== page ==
A critical artefact methodology : Using provocative conceptual designs to foster human-centred innovation.

BOWEN, Simon John. (2009). A critical artefact methodology : Using provocative conceptual designs to foster human-centred innovation. Doctoral, Sheffield Hallam University (United Kingdom)..

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This research develops a rationale for using provocative conceptual designs to foster the innovation of human-centred product ideas --- a 'critical artefact methodology'. This research employed similar tactics to Action Research (Swann 2002): cycles of action (using critical artefact methods in design projects) and reflection on that action (including a contextual review of existing theories and practices), which produced action (product ideas) as well as research (a proposed critical artefact methodology). In two projects, I used sets of workshops where stakeholders' engaged with my critical artefacts to develop my understanding of their needs. Living Room (designing the home for 'tomorrow's older people') suggested how my methods might be improved then taken account of in Digital Mementos (designing novel mementos for increasingly digital lifestyles), including selecting productive participants --- stakeholders in-tune with the possibilities of novel situations, such as von Hippel's "lead users" (1986).Within participatory design and co-design I position critical artefact methods as using stakeholder participation to inform design activity rather than as co-creation. In reference to Ehn & Kyng's mock-ups (1991) and Gaver's cultural probes (1999) exemplars, I show that critical artefacts do not fit the description of 'prototypes' (suggestive of design direction or destination) and that my critical artefact methodology depends upon a progression from presenting stakeholders with critical artefacts (that provoke critical reflection) towards more 'prototypical' artefacts expressing relevant needs (for evaluation).I suggest that critical design (Dunne 1999) and related design practices have similar characteristics and operation to Critical Theory: a view that the status quo (generally affirmed by design) somehow 'oppresses' society; that 'enlightenment' of the factors underlying this 'emancipates' society and is facilitated by a reading of critiques (alternative proposals such as critical artefacts). In my critical artefact methodology the designer develops their understanding by designing artefacts to 'process' stakeholders' engagement with previous artefacts. I use Polanyi's notion of "indwelling" (1966) to support this method of empathic knowledge sharing. Designer's and stakeholders' co-reading of critical artefacts means that this understanding can be of future or latent stakeholders needs; it enables them to explore alternative needs, wants/desires, practices and products by broadening their understanding of what is possible. The contributions of this research are a critical artefact methodology supported by critical artefact methods; a more instrumental use of critical artefacts than other critical design practices; and (in Digital Mementos' outputs) exemplar findings demonstrating the value of a critical artefact methodology's application. Whilst this thesis presents a 'point in time' in my methodology's development, I intend that it provide designers with insights into similar techniques within their own professional practice.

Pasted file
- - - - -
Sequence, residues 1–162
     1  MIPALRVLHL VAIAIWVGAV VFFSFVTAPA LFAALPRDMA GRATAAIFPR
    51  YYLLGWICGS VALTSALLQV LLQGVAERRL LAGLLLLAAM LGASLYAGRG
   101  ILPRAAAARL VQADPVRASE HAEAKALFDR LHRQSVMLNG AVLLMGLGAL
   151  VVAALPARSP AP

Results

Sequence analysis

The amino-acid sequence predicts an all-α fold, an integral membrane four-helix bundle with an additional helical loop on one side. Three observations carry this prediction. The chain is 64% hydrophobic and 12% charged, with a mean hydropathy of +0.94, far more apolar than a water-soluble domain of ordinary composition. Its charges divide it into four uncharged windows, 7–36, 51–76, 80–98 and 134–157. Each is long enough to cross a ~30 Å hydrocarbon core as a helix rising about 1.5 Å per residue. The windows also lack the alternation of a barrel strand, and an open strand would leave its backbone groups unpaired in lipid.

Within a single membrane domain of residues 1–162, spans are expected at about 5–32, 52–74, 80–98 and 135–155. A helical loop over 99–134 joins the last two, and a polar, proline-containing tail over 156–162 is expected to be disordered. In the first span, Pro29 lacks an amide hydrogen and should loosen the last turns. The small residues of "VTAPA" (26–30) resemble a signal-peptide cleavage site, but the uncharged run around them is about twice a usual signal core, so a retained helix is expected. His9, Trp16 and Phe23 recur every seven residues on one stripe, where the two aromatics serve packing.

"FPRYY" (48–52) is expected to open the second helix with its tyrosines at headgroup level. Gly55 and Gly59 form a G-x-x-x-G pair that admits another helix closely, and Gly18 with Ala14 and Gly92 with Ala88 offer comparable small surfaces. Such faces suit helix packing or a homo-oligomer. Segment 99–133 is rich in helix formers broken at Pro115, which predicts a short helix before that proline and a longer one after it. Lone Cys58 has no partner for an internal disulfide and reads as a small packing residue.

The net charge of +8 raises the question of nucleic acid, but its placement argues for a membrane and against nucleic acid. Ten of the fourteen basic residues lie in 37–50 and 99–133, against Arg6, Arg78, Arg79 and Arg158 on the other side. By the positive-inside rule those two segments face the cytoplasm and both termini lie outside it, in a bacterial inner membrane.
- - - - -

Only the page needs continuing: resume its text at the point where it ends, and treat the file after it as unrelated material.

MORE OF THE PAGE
Item Type: Thesis (Doctoral)
Additional Information: Thesis (Ph.D.)--Sheffield Hallam University (United Kingdom), 2009.
Research Institute, Centre or Group: Sheffield Hallam Doctoral Theses
Depositing User: EPrints Services
Date Deposited: 10 Apr 2018 17:18
Last Modified: 10 Apr 2018 17:18
URI: http://shura.shu.ac.uk/id/eprint/19376

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